Ice to Meet You: Newfoundland Sees First 'Berg of Season

Ice to Meet You: Newfoundland Sees First 'Berg of Season

Ice to Meet You: Newfoundland Sees First 'Berg of Season

As the Iceberg Alley nickname suggests, it is reportedly common to see giant chunks of ice floating by the very-eastern coast of Newfoundland, but the commonality makes the current scene no less grand. They sleep. And sometimes, they welcome the arrival of colossal, 10,000-year-old icebergs passing through on a springtime jaunt.

It's been a busy season for icebergs so far, with 616 already having moved into the North Atlantic shipping lanes compared to 687 by the late-September season's end previous year.

The small Canadian town has a prime view of Iceberg Alley - so called because from spring to September, many icebergs break off in the Arctic and float down past the coast of Newfoundland and Labrador, said The Independent.

Nevertheless, the phenomenon provides for some spectacular photos.

Iceberg viewing in Ferryland, on Newfoundland's Southern Shore brought traffic on the highway to a halt as people stopped to take in the spectacle.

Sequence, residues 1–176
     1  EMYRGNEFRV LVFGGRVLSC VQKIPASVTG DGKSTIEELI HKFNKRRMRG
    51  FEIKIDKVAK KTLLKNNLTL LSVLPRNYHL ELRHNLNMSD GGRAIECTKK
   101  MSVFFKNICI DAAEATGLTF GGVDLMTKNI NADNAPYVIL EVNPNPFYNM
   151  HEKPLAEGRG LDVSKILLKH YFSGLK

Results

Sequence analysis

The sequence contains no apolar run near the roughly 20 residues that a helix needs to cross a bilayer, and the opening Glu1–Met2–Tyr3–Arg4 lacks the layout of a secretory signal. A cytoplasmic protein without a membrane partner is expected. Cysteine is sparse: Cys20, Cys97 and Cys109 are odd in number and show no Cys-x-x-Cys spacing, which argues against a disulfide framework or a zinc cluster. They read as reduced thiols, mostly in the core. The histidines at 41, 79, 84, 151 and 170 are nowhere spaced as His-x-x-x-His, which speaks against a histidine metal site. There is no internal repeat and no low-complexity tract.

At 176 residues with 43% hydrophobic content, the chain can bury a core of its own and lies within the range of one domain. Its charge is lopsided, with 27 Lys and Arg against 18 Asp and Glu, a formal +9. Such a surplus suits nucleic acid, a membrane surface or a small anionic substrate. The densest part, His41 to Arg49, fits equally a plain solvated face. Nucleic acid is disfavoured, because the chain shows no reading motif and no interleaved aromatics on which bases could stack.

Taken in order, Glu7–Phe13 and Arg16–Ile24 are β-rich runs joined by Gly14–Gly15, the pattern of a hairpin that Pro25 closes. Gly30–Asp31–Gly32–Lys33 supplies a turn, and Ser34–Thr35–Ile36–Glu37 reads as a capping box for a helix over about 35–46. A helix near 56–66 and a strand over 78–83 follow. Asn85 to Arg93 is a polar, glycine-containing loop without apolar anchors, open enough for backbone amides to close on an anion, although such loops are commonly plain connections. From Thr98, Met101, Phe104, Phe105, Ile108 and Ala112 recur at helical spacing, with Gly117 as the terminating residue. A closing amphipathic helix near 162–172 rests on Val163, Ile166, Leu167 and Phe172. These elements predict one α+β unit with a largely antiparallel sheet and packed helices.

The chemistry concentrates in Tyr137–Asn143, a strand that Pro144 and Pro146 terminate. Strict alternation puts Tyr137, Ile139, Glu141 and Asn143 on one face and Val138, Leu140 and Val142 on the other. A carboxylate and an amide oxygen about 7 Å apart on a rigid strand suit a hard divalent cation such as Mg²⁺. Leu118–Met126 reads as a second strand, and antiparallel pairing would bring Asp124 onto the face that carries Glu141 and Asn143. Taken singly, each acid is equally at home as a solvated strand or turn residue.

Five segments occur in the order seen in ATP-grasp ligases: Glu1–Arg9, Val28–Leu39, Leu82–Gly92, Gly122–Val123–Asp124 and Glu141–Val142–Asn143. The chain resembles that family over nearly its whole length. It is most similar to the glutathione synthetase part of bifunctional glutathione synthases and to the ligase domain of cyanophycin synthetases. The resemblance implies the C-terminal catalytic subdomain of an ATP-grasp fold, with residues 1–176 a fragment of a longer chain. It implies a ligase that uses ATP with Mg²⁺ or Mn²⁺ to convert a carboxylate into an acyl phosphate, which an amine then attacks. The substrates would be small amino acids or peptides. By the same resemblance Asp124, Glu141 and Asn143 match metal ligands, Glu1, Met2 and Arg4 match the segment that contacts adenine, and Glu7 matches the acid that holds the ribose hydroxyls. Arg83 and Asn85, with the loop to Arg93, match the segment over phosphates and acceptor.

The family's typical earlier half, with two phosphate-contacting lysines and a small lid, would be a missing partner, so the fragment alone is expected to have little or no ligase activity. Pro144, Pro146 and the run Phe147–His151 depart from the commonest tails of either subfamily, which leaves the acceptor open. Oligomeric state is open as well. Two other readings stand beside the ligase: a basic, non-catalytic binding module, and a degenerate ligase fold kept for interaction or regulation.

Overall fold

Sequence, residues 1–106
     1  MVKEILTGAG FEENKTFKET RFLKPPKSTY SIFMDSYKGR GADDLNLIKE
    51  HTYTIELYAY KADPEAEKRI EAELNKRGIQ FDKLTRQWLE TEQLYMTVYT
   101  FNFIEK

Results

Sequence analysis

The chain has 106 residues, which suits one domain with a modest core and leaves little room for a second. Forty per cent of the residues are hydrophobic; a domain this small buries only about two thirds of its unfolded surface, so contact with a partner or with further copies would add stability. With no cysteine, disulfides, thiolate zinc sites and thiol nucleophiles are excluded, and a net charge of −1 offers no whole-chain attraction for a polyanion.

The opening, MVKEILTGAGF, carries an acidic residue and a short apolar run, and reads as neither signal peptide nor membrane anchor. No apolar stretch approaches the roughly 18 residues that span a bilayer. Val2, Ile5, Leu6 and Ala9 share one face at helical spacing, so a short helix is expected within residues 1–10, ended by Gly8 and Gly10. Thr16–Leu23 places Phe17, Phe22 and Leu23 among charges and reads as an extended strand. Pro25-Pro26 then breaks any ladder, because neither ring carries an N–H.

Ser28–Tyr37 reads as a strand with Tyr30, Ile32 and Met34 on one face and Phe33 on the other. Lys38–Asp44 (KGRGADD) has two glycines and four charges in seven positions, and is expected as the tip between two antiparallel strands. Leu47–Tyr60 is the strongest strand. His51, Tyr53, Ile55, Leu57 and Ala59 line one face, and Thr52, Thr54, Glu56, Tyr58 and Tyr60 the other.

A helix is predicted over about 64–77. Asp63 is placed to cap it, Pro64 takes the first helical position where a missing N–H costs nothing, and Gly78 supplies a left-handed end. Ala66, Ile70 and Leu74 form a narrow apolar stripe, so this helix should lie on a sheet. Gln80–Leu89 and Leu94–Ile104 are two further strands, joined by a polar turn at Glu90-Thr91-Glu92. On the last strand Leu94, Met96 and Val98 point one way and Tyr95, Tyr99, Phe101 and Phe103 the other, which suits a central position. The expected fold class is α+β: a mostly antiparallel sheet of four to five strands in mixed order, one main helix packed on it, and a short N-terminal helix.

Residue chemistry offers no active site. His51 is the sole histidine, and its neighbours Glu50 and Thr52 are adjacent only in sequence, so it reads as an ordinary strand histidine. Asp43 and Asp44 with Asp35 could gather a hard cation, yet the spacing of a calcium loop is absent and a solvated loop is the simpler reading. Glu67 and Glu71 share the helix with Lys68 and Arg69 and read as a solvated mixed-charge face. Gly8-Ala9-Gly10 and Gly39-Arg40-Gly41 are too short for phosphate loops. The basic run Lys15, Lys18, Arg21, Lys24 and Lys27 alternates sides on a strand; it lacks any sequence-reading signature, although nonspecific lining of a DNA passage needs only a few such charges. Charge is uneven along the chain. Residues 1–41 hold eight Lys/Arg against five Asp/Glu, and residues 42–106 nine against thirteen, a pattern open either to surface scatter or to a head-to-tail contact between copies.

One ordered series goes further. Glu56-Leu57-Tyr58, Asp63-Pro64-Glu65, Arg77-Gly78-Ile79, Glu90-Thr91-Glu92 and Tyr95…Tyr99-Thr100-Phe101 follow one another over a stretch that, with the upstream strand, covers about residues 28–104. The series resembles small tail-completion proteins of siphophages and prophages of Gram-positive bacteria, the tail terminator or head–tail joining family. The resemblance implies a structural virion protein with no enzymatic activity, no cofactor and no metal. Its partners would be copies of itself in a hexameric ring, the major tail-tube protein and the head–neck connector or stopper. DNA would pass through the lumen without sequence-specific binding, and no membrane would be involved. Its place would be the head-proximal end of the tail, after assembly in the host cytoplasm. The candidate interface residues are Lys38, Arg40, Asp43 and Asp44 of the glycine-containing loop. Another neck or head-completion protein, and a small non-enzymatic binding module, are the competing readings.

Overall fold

Facebook Is Working on Some Brainy Technology
In charge of the unit is Regina Dugan, who led a similar group at Alphabet Inc's Google and was previously director of the U.S. But the system that Facebook hopes to build wouldn't be invasive, relying instead on the use of sensors.

Trump privately signs anti-Planned Parenthood law
The measure passed the House easily and then passed the Senate, with Vice President Mike Pence as the tie-breaking vote. Basically, low-income women in red states are about to lose access to one more health provider.

Russian Federation responsible 'by proxy' for suspected Syrian chemical attack: United Kingdom minister
He also said the top USA priority in the region hasn't changed and remained the defeat of Islamic State militants. But Tillerson said he sees no reason for retaliation from Moscow because Russian Federation wasn't targeted.

"It's the biggest one I ever seen around here", mayor Adrian Kavanagh told the Canadian Press.

"It's a huge iceberg and it's in so close that people can get a good photograph of it", he said during a phone interview.

More than 400 icebergs have drifted into the North Atlantic shipping lanes over the past week.

The early arrival and abundance of icebergs has caused concern for some scientists and observers, as experts have attributed the early bergs to strong counter-clockwise winds or possibly to climate change. Those kinds of numbers are usually not seen until late May or early June. That's compared to an average 212 icebergs during that period in a typical year.

For better or for worse, the large iceberg that popped up near Newfoundland over the weekend could be there to stay.

Related news